The Top 9 Wildlife Experiences in New Zealand
Published on: January 10th, 2024
Last modified: January 10th, 2024
New Zealand is a dream destination for outdoor explorers and animal lovers. This island nation in Australasia is bursting with beautiful natural habitats, rare native species and opportunities to encounter them in a responsible way, through experiences that prioritise their protection.
In New Zealand, wildlife is everywhere you look – whether you’re exploring its dramatic mountain peaks, dazzling coastlines, glimmering glaciers or subterranean caves. You can find exceptional wildlife experiences across the rugged South Island
and diverse North Island, from the country’s most remote corners to cosmopolitan cities like Auckland and Wellington.
With that in mind, we’ve selected nine of the most awe-inspiring, sustainable and all-around best wildlife experiences in the ‘Land of the Long White Cloud.’ Each one will allow you to observe wild animals in New Zealand up close – without disturbing them or the magnificent ecosystems that they call home.
New Zealand’s Wildlife
New Zealand’s animals range from the most miniscule creatures to some of the world’s largest. Here you’ll find fascinating birds like penguins, kiwis, kea and gannets; several species of dolphins and whales; and even bioluminescent, cave-dwelling glowworms. Other notable native species include the tīeke, kākāriki, hihi and Northern Royal Albatross.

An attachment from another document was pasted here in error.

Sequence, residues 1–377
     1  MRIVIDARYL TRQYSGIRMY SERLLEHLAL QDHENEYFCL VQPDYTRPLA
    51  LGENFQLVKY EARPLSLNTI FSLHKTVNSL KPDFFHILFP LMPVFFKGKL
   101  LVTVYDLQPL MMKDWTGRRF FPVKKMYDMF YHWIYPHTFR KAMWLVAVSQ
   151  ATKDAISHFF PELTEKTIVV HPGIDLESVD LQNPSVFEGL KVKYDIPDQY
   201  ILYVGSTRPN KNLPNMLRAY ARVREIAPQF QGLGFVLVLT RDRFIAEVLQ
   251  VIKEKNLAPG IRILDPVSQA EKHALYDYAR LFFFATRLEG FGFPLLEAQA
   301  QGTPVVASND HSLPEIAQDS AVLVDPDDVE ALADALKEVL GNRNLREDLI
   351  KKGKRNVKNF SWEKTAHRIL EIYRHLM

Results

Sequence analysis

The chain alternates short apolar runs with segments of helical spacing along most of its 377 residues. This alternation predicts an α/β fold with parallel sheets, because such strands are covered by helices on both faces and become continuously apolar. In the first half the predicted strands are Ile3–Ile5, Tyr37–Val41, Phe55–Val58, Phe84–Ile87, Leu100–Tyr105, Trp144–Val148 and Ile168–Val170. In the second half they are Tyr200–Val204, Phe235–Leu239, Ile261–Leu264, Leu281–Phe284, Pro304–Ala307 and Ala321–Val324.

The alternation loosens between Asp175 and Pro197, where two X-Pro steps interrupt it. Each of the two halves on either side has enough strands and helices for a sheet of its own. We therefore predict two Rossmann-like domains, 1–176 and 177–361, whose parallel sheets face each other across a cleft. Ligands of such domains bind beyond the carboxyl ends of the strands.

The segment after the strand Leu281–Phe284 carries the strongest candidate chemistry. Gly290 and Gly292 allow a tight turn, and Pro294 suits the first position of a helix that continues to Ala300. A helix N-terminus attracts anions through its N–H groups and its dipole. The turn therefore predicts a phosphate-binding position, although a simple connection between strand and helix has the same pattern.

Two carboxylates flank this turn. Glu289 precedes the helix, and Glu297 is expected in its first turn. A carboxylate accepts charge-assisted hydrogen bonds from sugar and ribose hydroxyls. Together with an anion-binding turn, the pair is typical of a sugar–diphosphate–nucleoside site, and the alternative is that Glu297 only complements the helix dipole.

1. Visit Zealandia in Wellington
The capital city of Wellington is where you’ll find one of the best wildlife sanctuaries in New Zealand. Zealandia, the first fully fenced urban ecosanctuary on earth, shelters some of the country’s rarest and most critically endangered species – especially birds.
Keep an eye out for the tīeke, or saddleback, and the kākā, both of which are recovering from near extinction thanks to the sanctuary’s work. You can also see the hihi, or stitchbird; kākāriki, or red-crowned parakeet; and little spotted kiwi, the smallest kiwi species.
2. Spot Dolphins in Kaikōura
New Zealand is home to nine different species of dolphin, ranging from friendly bottlenose dolphins to orcas (which are technically dolphins, not whales). It’s also the only place on earth where you’ll find the rare Hector’s dolphin and Māui subspecies.
Although there are dolphins all over New Zealand, we suggest visiting Kaikōura on the South Island’s eastern coast for unforgettable wildlife encounters. Here you can see dusky dolphins, known for their dark backs and white bellies, year round (though October to May is ideal).
Go Whale Watching in Auckland
Auckland may be New Zealand’s largest city, but it’s still incredibly close to nature. The waters off its coast are protected by the Hauraki Gulf Marine Park, encompassing dozens of islands and six marine reserves. It’s also one of the best places for whale watching in New Zealand.
Step aboard a small boat and head out to sea in search of the endangered Bryde’s whale, which is a common sighting. You might also spot humpback whales, blue whales, southern right whales and others, as well as various species of dolphin.
4. Marvel at Glowworms in the Waitomo Caves